Under the contract, GE will provide gas turbine auxiliary equipment for seven ships to support the 14 LM2500 engines previously supplied under a separate contract. Auxiliary equipment and services will include: gas turbine controller, intakes and uptakes, firefighting equipment, water wash, start skid, fuel forwarding and field service support to shipyards. Electric starters for the gas turbines also will be included in the auxiliary equipment contract; these starters weigh 6,500 pounds less and offer a >70% volume reduction over hydraulic starters.
Each P17A frigate will be powered by two GE LM2500 marine gas turbines and two diesel engines in a combined diesel or gas turbine configuration. Hindustan Aeronautics Limited (HAL) Industrial and Marine Gas Turbine division, Bangalore, India, is assembling the LM2500 gas turbines in-country under license from GE.
“GE is proud to provide the auxiliary equipment for the Indian Navy’s P17A frigates. As one of the world’s leading manufacturers of marine propulsion products, GE can deliver a reliable, fully-integrated gas turbine solution that is customized to suit and support the requirements of the Indian Navy,” said Vishal Wanchoo, President and CEO, GE South Asia. “GE will also handle the design work for the P17A’s gas turbine auxiliary system and gas turbine fuel supply system and will provide training to the shipyards and Indian Navy for these systems,” added Wanchoo.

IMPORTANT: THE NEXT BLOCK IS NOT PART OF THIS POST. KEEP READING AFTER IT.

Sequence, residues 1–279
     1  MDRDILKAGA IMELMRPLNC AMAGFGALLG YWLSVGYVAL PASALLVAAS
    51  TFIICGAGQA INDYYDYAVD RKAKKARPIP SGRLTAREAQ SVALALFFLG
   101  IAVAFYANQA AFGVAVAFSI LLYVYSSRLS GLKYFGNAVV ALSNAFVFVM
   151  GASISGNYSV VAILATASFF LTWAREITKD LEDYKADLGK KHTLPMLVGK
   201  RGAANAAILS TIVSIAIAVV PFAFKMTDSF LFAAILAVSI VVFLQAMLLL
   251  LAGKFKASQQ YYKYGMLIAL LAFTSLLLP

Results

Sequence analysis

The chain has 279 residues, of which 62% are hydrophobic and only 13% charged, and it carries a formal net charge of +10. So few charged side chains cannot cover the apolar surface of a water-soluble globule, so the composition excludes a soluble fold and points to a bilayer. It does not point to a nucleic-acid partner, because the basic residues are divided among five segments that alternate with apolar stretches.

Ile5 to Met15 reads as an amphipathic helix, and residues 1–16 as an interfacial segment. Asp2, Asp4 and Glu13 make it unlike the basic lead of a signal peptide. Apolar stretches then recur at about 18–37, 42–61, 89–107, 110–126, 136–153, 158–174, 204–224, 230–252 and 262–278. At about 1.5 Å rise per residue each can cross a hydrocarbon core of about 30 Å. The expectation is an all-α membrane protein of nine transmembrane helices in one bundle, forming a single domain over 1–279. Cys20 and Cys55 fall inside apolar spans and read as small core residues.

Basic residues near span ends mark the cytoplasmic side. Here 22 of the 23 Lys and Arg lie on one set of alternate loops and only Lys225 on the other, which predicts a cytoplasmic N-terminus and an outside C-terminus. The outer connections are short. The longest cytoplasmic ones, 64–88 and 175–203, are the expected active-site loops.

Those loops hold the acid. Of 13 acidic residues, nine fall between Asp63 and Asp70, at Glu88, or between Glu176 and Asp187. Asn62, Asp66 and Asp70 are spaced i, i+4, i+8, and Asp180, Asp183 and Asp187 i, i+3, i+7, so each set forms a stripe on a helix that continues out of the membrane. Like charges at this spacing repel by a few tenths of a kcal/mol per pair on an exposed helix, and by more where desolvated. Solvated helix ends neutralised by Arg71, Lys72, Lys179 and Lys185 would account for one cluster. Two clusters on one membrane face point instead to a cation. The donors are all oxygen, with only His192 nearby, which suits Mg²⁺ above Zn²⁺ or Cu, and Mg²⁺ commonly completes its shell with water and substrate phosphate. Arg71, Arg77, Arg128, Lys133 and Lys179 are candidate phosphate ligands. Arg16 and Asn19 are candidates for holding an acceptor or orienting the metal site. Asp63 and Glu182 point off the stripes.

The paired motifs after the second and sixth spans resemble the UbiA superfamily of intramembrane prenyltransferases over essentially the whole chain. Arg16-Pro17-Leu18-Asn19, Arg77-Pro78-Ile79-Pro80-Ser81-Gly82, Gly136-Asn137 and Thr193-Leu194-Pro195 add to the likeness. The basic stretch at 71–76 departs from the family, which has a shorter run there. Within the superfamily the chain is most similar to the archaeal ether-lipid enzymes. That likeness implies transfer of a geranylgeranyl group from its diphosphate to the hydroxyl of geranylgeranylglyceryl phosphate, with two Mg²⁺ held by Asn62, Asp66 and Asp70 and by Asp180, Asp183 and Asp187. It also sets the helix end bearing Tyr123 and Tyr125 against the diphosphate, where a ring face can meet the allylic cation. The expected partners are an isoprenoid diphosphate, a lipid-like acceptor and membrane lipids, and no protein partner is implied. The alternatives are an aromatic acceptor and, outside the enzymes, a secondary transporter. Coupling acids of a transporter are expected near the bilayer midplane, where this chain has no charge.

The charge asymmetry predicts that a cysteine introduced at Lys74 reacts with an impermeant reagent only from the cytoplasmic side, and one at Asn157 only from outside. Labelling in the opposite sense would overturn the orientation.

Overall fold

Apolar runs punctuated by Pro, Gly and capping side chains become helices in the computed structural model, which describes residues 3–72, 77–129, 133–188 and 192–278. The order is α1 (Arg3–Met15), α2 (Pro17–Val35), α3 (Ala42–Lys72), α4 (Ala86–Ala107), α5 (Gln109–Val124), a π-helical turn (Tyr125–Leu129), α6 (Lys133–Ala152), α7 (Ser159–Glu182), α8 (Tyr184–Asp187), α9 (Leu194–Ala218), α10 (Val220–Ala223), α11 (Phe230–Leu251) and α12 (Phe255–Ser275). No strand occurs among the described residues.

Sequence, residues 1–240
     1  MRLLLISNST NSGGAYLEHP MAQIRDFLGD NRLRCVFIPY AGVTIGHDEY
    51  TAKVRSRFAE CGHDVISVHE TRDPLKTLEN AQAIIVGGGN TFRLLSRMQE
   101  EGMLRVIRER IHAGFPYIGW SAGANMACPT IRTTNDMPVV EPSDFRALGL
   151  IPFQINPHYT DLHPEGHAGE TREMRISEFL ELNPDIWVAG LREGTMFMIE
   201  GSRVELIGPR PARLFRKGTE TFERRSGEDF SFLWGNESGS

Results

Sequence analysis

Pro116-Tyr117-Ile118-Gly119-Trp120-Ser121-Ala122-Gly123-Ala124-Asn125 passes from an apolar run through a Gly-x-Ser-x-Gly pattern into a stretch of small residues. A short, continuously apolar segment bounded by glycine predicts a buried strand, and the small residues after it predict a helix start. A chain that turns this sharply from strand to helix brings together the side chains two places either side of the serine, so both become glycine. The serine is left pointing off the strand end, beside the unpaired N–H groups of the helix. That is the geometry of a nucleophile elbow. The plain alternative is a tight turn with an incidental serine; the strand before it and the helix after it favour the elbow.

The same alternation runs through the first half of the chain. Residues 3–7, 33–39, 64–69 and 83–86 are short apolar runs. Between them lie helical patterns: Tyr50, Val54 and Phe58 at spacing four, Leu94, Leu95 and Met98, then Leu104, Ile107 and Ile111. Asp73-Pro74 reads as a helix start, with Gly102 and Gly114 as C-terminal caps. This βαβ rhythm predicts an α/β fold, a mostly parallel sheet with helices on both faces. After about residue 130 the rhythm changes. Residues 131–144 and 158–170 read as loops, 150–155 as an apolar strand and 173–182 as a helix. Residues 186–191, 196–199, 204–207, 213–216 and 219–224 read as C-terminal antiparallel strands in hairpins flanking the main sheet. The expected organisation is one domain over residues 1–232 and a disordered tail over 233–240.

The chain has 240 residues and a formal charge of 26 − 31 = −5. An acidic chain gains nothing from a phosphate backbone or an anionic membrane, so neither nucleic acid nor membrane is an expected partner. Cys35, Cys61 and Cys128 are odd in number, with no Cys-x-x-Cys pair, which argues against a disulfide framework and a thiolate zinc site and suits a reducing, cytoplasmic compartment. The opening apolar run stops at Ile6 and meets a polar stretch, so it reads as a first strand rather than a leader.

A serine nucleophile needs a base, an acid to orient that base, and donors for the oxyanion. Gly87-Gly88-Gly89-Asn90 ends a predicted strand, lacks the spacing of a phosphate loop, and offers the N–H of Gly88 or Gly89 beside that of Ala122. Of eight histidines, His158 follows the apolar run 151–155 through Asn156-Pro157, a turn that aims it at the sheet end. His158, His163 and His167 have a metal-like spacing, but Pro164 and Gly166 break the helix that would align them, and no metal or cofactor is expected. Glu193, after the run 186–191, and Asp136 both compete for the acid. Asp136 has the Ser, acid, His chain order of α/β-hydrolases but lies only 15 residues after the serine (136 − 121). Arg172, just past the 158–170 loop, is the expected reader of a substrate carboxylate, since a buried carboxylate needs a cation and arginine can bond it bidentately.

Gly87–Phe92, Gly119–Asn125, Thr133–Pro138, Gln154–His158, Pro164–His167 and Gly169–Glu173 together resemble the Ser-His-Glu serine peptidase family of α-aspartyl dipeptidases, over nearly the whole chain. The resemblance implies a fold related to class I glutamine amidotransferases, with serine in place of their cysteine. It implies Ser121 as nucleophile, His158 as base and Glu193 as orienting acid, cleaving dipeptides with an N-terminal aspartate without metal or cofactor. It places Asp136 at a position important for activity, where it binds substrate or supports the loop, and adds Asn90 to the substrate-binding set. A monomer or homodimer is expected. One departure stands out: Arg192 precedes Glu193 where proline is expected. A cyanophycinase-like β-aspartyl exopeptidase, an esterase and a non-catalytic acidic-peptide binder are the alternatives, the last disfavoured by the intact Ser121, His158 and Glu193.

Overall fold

GE’s in-country partner HAL has already delivered 11 LM2500 gas turbines to the Indian Navy, including those that power three P17 frigates Shivalik, Satpura and Sahyadri launched in April 2003, June 2004, and May 2005, respectively. Separately, four GE LM2500 gas turbines will power India’s first indigenously built P71 aircraft carrier; it was launched in August 2013.
Worldwide there are more than 1,200 GE LM2500 marine gas turbines logging over 16 million hours for 33 navies. GE provides 97% of the United States Navy’s propulsion gas turbines, proven at sea with >99% reliability and >98% availability. The company’s global installed base and nine licensed depots worldwide ensure operability and support either on-shore or afloat. With GE’s split casing compressor and power turbine design, in-situ maintenance is allowed making gas turbine removals unnecessary; navies save millions of dollars a year and weeks/months of ship unavailability.